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Margaret Pericak-Vance, Gaofeng Wang, William Cade, Monique Courtenay, Patrice Gay, Stephen Schwartz, Jaclyn Kovach, Anita Agarwal, Jonathan Haines, William Scott; Whole-exome sequencing in age-related macular degeneration. Invest. Ophthalmol. Vis. Sci. 2013;54(15):3358.
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Genome-wide association meta analysis (GWAMA) has implicated common variations in 19 genes as AMD risk factors. Rare variants (RV) are not well captured by genome wide association studies and may represent some of the unexplained heritability in AMD risk. We used whole exome sequencing (WES) in phenotypically extreme individuals to identify RVs implicating novel AMD genes.
The GWAS 19 loci were used to calculate a genetic risk score (summed number of risk alleles weighted by effect sizes) for each individual. We created an ‘extreme’ case/control sample with the following characteristics: 20 individuals with bilateral neovascular AMD and the lowest calculated genetic risk score, and youngest ages at examination; 20 unaffected controls with no drusen, the highest calculated genetic risk score, and oldest ages at examination. Sequencing Capture was by SureSelect. Alignment and base calling used the Illumina CASAVA 1.6 pipeline, aligned to hg19 using BWA. Single nucleotide variants (SNV) and insertion-deletion variants (indels) were called by GATK Unified Genotyper with VQSR recalibration. Variants with VQSLOD<-3 and variant genotype likelihoods < 99 were excluded. All variants were annotated using SeattleSeq Annotation. Association of individual SNV with AMD was assessed by Fisher’s exact test. RVASSOC was used for the gene-based tests.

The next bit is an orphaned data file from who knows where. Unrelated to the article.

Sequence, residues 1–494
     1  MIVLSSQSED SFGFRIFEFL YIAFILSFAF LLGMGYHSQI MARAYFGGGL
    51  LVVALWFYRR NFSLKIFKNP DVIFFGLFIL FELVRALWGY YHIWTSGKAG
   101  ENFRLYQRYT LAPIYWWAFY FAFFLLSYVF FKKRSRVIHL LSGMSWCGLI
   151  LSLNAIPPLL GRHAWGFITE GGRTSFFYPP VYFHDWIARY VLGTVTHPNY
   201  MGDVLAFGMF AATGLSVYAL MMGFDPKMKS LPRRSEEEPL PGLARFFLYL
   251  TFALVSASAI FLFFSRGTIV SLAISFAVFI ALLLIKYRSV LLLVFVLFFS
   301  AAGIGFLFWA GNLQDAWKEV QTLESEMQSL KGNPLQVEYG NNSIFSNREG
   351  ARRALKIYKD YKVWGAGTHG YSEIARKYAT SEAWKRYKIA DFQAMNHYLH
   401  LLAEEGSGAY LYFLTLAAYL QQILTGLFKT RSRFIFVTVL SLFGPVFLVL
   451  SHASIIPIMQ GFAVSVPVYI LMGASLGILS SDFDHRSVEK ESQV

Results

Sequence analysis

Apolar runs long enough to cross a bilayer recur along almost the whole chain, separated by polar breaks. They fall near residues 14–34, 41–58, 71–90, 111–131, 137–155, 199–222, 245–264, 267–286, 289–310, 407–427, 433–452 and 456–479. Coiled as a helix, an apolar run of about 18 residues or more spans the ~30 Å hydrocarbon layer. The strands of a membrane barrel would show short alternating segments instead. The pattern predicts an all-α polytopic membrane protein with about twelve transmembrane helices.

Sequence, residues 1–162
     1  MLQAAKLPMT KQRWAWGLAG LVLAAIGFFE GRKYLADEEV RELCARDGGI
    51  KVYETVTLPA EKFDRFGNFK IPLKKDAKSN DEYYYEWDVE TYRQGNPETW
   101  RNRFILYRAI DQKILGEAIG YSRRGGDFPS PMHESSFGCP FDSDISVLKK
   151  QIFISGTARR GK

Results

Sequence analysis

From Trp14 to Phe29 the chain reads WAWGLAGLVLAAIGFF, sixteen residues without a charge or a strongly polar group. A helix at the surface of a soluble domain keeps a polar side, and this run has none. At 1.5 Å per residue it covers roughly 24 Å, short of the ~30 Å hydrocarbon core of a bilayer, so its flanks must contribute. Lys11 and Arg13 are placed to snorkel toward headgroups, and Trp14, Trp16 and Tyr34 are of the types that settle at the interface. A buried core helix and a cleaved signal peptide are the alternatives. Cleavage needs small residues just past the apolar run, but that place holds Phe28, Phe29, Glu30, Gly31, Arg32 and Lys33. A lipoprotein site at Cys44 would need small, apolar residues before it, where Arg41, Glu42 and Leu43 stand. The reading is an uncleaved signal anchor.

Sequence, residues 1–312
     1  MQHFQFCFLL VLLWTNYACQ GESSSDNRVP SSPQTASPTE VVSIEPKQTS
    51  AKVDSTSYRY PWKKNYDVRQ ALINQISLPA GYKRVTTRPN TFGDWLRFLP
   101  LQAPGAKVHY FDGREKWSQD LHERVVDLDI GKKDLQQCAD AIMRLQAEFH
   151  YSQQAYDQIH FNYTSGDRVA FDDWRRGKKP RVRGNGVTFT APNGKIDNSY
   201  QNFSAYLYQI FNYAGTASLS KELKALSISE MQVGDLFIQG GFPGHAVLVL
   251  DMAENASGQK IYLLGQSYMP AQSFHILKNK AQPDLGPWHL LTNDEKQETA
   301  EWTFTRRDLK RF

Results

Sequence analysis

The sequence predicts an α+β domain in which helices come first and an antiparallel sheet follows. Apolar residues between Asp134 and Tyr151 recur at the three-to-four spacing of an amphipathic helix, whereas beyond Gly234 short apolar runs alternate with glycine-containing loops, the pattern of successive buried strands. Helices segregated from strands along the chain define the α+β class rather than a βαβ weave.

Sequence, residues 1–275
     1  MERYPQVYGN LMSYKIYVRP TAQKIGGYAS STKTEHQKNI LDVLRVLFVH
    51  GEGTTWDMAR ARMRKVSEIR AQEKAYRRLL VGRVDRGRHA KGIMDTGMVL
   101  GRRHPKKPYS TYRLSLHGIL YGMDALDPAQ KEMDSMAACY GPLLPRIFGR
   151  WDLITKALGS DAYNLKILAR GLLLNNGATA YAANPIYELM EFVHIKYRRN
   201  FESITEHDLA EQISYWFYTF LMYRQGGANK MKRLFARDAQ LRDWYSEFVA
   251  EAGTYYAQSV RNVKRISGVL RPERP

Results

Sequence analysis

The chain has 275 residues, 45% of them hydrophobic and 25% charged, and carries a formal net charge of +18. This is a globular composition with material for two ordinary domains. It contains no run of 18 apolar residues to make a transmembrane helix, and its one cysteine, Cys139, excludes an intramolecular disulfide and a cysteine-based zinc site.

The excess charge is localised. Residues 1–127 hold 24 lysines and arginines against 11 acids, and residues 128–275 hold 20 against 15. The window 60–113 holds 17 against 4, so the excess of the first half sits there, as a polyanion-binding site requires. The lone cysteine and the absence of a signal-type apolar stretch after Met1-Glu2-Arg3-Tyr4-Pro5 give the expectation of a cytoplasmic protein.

No gene-based tests met Bonferroni-corrected significance (2.2 x 10-6). The most significant genes identified in the overall analysis are all novel. LRP1 is implicated both in the overall analysis and when considering only rare and damaging SNVs. The other most significant genes in the two analyses are different. Six of the 19 known loci have nominally significant gene-based tests. Associated SNVs in each gene are previously known variants.
Initial results of WES suggest additional genes with multiple rare SNVs may influence AMD. LRP1 is an APOE receptor and also involved in cholesterol transport. Restricting analysis to rare damaging variants reveals different results than considering the overall burden of SNVs, suggesting both analyses are needed to extract maximum information from sequence data. Novel coding variants in known AMD genes do not appear to explain the extreme phenotype studied here. WES of a replication dataset with an additional 20 cases/20 controls with extreme phenotype is in progress.
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